Underpasses, deer fencing will improve safety
IN 2023, CDOT will begin an extensive wildlife mitigation project on US 160 between Fort Garland and La Veta Pass, along the Trinchera and Forbes Ranch roads, and between mileposts 258-266.
They will install two to three wildlife underpasses. The exact locations are to be determined. A wildlife underpass will allow mule deer, elk, bear, and many other species to safely cross busy stretches of the highway. In 2016, CDOT and CPW created a series of wildlife underpasses and overpasses along Highway 9 between Green Mountain Reservoir and Kremmling, resulting in a 90 percent decrease in wildlife-vehicle collisions.
More high deer fencing with game ramps will be added from mileposts 258-266.
Acceleration and deceleration lanes will be added to the entrances of the Trinchera and Forbes Ranches during this construction period, as well. These lanes will be located near mileposts 260 and 270.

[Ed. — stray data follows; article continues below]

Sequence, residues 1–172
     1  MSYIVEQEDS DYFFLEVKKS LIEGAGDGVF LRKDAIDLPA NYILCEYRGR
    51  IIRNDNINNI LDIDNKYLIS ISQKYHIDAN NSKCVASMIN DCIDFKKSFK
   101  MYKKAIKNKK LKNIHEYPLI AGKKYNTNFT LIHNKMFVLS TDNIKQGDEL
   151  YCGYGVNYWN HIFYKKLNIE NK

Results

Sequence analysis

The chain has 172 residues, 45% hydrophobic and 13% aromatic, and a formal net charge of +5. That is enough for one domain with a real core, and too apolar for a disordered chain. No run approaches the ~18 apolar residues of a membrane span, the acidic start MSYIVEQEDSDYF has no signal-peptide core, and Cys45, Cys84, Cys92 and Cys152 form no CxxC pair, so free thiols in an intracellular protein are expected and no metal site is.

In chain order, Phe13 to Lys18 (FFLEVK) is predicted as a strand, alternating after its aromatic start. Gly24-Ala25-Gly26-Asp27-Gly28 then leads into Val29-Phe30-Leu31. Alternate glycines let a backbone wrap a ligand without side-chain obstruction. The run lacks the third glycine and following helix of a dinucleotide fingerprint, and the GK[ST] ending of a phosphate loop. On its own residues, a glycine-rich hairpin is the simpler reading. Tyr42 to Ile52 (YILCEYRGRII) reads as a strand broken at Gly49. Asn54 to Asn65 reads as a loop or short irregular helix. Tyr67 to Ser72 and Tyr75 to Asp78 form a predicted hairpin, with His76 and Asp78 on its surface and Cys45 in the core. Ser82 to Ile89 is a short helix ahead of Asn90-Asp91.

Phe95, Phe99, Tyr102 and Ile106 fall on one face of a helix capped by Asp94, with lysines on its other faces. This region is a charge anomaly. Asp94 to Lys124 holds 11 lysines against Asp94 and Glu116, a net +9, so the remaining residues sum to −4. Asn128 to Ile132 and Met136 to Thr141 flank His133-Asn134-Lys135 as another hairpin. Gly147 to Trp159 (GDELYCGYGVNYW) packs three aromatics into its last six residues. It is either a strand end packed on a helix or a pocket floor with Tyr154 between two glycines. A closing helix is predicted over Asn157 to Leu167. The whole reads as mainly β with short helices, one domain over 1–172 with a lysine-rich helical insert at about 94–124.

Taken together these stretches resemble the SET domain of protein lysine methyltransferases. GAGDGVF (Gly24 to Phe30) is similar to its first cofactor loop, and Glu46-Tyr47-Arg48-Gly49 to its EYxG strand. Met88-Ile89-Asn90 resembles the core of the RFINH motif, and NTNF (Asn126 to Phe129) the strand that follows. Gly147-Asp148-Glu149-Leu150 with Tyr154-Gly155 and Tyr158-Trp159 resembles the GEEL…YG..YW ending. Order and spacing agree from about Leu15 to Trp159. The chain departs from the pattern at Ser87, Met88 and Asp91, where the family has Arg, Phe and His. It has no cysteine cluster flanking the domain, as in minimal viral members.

This project is years in the making. Conversations between CDOT, Costilla County, and San Luis Transportation Planning Region have addressed the need to improve safety on US 160 between Fort Garland and the La Veta Pass summit.
“Additionally, CDOT has been in conversations with a private landowner along the corridor for over a decade about the need to address wildlife-vehicle collisions (WVCs) along this corridor,” said Tony Cady, CDOT planning and environmental program manager.
A section of US 160 was the subject of 2018’s Critical Location Safety study. The study saw that 54 percent to 73 percent of all reported vehicle crashes between mileposts 258-266 were wildlife-vehicle collisions.
Between 2005-2018, 237 mule deer and elk carcasses were recovered from this section of highway.
The West Slope Wildlife Prioritization Study, conducted in 2019, recommended the installation of three wildlife underpasses in the same section of highway.
In the same year, CDOT, CPW and communities impacted had an onsite meeting to discuss wildlife mitigation projects that have been successful in the past and went to the areas where deer and elk cross the highway.